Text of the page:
These results show that these two generations display a different approach to attracting the opposite sex. All profiles tend to include a short description of a person, namely his or her positive character traits, hobbies, religious views, and physical description. People tend to show a better attitude toward people who are similar to them and evaluate their intelligence, morals, and social status as higher than those with whom they share fewer similarities (Branscombe & Baron, 2017). The chances of finding a person attractive increase when people have shared interests.
However, two primary differences are the willingness to go for marriage and the amount of displayed personal information. The reasoning behind these changes is the methods that are used by each gender to attract the desired partner. The reduction of females who are willing to notify their potential partners about their availability for marriage is linked with their perceived elusiveness and increased selectivity. Walster et al. (2008) argue that “the selective woman is better liked than her rivals” (p. 494). Therefore, by making themselves less ready for a serious commitment at first glance, women can increase their chances of finding a suitable partner.
A significantly smaller percentage of female profiles contain photos along with their physical description. Aside from the fact that most male profiles include photos, the amount of displayed information on male profiles is related to their attempts to show their socioeconomic status. Conroy-Beam et al. (2015) argue that women “prefer long-term, committed mates who possess resources and qualities linked to resource acquisition such as status, ambition, and slightly older age” (p. 1). Therefore, the second group displays more data related to their life and signals that a career is one of their main priorities to attract a partner.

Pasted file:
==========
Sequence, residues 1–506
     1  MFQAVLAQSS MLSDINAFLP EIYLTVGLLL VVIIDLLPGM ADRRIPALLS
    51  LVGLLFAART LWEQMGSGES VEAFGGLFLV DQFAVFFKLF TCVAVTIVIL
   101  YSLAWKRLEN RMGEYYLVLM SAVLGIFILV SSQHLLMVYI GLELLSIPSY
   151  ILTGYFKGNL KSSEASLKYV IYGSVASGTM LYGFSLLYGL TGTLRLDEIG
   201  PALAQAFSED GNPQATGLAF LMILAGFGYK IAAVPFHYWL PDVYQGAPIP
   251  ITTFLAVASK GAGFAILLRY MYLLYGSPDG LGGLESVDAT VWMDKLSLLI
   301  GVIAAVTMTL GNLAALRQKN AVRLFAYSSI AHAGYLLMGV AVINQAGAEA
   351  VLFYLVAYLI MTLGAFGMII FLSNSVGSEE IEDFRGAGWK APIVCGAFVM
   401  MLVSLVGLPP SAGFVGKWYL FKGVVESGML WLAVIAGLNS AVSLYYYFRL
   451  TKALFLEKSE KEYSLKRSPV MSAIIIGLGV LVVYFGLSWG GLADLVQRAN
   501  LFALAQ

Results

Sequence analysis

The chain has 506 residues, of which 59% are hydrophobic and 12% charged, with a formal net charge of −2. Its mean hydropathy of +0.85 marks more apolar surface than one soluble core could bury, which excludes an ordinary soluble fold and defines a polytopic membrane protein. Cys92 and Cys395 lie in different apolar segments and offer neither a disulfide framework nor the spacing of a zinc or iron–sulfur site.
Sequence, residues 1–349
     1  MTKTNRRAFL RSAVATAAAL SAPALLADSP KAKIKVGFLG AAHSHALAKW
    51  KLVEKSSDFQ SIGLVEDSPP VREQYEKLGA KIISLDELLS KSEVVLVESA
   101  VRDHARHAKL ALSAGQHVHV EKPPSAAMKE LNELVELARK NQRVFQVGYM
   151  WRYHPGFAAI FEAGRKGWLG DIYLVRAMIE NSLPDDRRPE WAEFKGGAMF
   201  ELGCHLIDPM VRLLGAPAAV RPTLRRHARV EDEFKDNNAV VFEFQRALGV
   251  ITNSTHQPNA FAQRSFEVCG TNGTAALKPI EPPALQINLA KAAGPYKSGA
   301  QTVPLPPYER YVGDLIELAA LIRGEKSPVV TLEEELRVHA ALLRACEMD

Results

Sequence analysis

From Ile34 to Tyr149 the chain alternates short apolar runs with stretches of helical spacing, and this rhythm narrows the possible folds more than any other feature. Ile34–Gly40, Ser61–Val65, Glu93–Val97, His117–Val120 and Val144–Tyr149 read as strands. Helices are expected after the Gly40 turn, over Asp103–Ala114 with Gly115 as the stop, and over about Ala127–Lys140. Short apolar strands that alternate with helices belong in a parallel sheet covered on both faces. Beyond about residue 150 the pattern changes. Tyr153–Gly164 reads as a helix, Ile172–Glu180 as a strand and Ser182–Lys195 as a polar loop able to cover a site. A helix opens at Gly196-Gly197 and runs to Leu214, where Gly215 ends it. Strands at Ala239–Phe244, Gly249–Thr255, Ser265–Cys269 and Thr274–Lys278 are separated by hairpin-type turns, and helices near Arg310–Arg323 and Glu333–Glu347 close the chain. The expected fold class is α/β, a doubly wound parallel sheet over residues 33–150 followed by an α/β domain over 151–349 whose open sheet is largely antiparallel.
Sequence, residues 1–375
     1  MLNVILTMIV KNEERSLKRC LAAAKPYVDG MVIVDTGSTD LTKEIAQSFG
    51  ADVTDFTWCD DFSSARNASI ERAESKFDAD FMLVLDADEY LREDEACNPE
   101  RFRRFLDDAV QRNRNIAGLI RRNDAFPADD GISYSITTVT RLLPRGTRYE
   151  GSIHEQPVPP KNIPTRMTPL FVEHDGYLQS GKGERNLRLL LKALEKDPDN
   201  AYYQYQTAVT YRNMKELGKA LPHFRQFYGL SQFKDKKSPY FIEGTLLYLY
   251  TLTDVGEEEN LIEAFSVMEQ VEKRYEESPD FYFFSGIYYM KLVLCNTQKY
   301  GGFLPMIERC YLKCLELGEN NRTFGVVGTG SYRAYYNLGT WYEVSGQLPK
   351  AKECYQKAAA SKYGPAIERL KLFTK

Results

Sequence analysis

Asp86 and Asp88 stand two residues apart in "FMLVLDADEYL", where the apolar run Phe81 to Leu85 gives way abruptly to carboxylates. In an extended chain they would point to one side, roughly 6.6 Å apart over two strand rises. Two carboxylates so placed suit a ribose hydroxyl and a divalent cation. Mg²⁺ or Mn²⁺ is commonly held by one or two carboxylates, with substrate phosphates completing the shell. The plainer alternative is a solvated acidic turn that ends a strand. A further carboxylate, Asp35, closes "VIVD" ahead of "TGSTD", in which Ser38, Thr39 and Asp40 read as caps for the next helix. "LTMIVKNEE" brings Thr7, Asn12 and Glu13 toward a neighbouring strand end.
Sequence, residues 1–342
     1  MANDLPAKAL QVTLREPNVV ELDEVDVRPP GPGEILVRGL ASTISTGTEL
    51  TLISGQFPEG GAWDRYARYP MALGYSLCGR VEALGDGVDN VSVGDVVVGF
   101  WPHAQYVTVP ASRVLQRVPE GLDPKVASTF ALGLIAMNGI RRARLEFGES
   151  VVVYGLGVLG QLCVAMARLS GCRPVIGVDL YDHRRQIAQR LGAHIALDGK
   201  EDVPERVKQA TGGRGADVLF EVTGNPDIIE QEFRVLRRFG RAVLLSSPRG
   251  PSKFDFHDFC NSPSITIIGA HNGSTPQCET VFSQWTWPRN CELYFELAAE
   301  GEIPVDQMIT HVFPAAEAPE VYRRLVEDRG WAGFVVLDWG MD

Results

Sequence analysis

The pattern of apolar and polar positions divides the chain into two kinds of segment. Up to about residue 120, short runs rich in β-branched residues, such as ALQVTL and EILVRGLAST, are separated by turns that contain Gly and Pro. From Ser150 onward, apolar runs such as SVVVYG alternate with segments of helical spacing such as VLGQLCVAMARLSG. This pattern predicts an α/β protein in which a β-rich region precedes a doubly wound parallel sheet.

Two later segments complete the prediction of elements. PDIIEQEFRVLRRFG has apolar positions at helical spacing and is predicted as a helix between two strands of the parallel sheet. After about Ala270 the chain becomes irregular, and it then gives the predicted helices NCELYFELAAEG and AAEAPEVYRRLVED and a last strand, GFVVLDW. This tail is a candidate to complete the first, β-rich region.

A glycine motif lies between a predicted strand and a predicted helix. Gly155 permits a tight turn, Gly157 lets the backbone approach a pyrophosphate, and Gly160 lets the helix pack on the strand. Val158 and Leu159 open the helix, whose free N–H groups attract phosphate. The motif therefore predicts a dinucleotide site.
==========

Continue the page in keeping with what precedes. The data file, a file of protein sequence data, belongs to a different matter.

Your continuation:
In conclusion, both men and women change their behaviors with age to attract their desired partner. Bech-Sørensen and Pollet (2016) state that men are “more willing to marry someone younger, unlikely to hold a steady job, and with low earning potential than women” (p. 174). Changes that occur within two distinct age categories are not related to their generation but reflect the adaptation to socially established factors that their potential partners find attractive.
Bech-Sørensen, J., & Pollet, T. V. (2016). Sex differences in mate preferences: A replication study, 20 years later. Evolutionary Psychological Science, 2(3), 171–176.
Branscombe, N. R., & Baron, R. A. (2016). Social psychology (14th ed.). London, UK: Pearson.
Conroy-Beam, D., Buss, D., Pham, M., & Shackelford, T. (2015). How sexually dimorphic are human mate preferences? Personality & Social Psychology Bulletin, 41.
Walster (Hatfield), E., Walster, G. W. Piliavin, J., & Schmidt, L. (2008). “Playing hard to get”: Understanding an elusive phenomenon. In J. Aronson & E. Aronson (Eds.), Readings about the social animal (10th ed., pp. 485–497). New York, NY: Worth Publishers.